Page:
that the purpose of a name is to distinguish human beings from other human beings -> that running into (on that particular day) three other humans called “Josh” defeated the purpose of that particular name -> that my middle name, Kirk, would now serve as my first name -> that, as a man of action, I needed to make the world immediately aware of this Change Of Plans

And that is the story of how and why I changed my name on Facebook and my banking statements. Yet, after a bit of thought and two instances of fellow cadets correctly guessing my first name (apparently I’ve got that “Josh” look), I have re-embraced my Josh-hood with… how do you say?… panache. Josh is my generation’s everyman; the common name of those that I will defend, write about, and represent, if life allows me the slightest opportunity to do so. I have, in closing, made note of those that supported my freedom of name-choice and those that did not. I will hold grudges accordingly.

Having said that, I must admit that I’m very excited to make it back to Kirksville. All this Armying has it’s place, and now it’s time to start wearing civilian clothes (although I will miss all the handy pockets: for the last two Saturdays, I’ve caught myself more than once reaching for things in pockets that aren’t there). It’s time to get back to that college environment – to see all my great MOpals, breathe that sweet Missouri air, do a bit of late-night socializing and all those things other stupid/smart things.

edit: Let me tell you a little bit about my aunt Jennifer. I visited FT Bragg almost exactly a year ago, under the auspices of training with my Uncle. The weather in Fayetteville went south, and my flight was canceled for three solid days. Jennifer bent over backwards two or three times to get me back to Portland and, consequently, off to Sydney. Even now, twelve months later, I still cannot express my gratitude enough.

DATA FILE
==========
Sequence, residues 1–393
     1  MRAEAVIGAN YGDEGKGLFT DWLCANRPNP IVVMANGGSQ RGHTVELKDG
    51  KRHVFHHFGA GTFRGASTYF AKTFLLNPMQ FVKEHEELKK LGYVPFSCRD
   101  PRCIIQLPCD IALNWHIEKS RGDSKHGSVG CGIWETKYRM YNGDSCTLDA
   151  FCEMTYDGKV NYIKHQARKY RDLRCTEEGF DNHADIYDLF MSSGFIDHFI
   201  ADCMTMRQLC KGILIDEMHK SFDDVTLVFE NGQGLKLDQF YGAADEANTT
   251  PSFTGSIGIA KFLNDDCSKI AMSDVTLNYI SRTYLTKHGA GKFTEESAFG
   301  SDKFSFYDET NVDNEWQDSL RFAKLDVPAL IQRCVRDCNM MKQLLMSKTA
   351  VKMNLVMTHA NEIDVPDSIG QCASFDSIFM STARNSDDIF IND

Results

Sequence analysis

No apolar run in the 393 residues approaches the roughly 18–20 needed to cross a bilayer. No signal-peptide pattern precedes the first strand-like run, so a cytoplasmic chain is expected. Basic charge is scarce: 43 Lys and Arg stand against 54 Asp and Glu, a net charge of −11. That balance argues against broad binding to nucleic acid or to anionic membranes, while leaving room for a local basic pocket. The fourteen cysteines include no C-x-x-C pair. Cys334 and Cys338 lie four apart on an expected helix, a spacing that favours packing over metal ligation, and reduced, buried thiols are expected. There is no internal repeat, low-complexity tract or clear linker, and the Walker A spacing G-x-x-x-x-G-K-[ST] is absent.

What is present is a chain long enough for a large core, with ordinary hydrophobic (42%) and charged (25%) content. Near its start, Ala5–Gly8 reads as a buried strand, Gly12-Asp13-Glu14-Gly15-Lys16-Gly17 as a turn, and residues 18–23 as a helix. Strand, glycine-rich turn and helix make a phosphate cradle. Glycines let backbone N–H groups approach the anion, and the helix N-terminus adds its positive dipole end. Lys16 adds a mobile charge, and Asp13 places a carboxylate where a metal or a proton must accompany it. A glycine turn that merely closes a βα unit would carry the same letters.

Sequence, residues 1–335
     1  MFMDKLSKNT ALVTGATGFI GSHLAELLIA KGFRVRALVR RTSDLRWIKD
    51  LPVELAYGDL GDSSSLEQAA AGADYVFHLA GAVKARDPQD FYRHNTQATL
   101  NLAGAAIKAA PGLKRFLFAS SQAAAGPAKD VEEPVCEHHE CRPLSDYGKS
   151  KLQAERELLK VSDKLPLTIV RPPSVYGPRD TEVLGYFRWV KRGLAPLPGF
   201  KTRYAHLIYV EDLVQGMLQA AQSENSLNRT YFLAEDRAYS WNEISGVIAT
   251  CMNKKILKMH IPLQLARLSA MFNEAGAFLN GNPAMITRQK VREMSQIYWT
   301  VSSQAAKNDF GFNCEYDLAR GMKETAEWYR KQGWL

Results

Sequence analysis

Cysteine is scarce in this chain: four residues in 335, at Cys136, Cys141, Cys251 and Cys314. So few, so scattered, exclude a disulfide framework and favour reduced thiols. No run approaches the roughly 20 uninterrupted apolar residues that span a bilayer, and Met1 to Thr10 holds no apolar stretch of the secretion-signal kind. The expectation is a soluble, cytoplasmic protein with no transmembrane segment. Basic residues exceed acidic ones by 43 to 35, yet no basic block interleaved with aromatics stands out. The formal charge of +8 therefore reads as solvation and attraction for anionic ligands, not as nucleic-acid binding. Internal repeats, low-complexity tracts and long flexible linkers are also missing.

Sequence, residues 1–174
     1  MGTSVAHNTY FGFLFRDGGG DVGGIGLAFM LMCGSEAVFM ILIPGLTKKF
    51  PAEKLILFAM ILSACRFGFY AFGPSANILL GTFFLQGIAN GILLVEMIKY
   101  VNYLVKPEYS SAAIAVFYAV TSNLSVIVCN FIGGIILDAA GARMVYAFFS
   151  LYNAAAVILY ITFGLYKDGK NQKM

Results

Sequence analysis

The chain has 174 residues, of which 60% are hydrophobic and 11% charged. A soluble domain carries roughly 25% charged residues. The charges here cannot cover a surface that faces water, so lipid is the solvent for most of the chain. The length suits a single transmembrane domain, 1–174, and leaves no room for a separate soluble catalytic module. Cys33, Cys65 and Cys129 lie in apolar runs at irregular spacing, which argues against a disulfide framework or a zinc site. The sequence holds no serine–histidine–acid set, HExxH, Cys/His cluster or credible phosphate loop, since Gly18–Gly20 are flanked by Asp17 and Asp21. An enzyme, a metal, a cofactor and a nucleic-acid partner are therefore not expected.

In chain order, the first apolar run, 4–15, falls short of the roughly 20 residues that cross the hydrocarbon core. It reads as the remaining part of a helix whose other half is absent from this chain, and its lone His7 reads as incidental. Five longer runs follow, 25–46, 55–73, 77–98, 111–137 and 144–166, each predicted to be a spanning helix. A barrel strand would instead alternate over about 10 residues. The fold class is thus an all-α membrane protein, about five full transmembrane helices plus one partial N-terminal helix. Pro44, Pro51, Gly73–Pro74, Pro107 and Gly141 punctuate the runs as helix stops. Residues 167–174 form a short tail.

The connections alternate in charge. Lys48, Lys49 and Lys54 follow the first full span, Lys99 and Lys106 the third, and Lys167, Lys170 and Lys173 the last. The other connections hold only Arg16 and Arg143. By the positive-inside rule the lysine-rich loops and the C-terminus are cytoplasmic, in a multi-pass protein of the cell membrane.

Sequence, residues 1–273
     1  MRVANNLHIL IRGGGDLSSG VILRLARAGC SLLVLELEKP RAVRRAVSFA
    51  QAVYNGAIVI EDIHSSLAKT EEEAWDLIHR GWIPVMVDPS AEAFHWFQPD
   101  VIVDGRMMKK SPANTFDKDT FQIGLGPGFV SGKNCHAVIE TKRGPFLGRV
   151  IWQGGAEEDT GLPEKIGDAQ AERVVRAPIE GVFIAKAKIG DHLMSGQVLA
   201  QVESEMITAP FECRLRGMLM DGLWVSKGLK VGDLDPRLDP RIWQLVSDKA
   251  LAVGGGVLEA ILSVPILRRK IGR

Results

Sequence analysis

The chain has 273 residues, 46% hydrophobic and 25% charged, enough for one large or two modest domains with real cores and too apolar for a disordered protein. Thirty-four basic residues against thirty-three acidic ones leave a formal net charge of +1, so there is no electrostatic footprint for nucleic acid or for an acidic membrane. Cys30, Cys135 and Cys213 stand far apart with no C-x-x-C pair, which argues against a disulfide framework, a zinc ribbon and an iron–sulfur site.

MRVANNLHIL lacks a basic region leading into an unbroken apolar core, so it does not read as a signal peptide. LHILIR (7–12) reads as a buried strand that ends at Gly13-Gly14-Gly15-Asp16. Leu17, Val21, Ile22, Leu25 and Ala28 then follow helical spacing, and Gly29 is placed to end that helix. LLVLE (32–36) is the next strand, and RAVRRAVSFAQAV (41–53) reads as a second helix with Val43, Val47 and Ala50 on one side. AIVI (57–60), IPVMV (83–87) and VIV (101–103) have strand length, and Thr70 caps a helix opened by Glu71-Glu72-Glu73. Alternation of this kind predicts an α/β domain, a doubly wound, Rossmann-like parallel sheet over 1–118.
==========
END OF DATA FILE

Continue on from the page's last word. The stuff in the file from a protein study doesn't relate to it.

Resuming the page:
I am now, through curious circumstance, writing this in the Fayetteville airport and stuck in much the same situation. My flights have all been jumbled up and my choices came down to A) wait a day or B) fly into St. Louis and footmarch it up to Kirksville. Remember when I said my roomie, DM Redbeard, was a top shelf guy? Well he, Kelly, Mary and I are thick as thieves, basically. Kelly and DM drove down to pick me up and take me back (six hours, round trip). Mary, who lives in St. Louis now, meet us all at the airport, and it felt pretty good, seeing all my hombres as I stepped off that plane.

JOSH fenton

August 13th 2006

My Summer, pt. I

Without getting too descriptive, the Army sent me off for 33 days of fun at what is known as Camp, LDAC, and/or Warrior Forge, depending on who you talk to, when you talk to them, and how important they think you are. About half of it is practical skills training (things like firing training rounds out of an AT-4, the Army’s modern version of a bazooka) and about half of it is leadership assessment (where Uncle Sam sizes up all the cadets). This is just an overview, but I’ll breakdown the big stuff.

The APFT (how in shape you are), Land Nav (how good you are with a compass), CWST (how comfortable you are in the water), BRM (how good you are with an M16), HGAC (how good you are with grenades). That’s what they test you on (some of it). They also constantly evaluate your ability to lead, to march and be marched around properly, and other ‘important’ stuff like that. The best part is the inordinate amount of BS you have to put up with at Camp (and, while I’m complaining about it: Life), but there’s really not much you can do about that. The crazy thing was, though, that the worst BS didn’t come from Up On High, it came from my peers – my unfavorite was the cadets with the “the rules don’t apply to me, but they apply to you” attitudes. Like I said, there’s not much more you can do about it (other than grin at the incongruousness of it all, of course).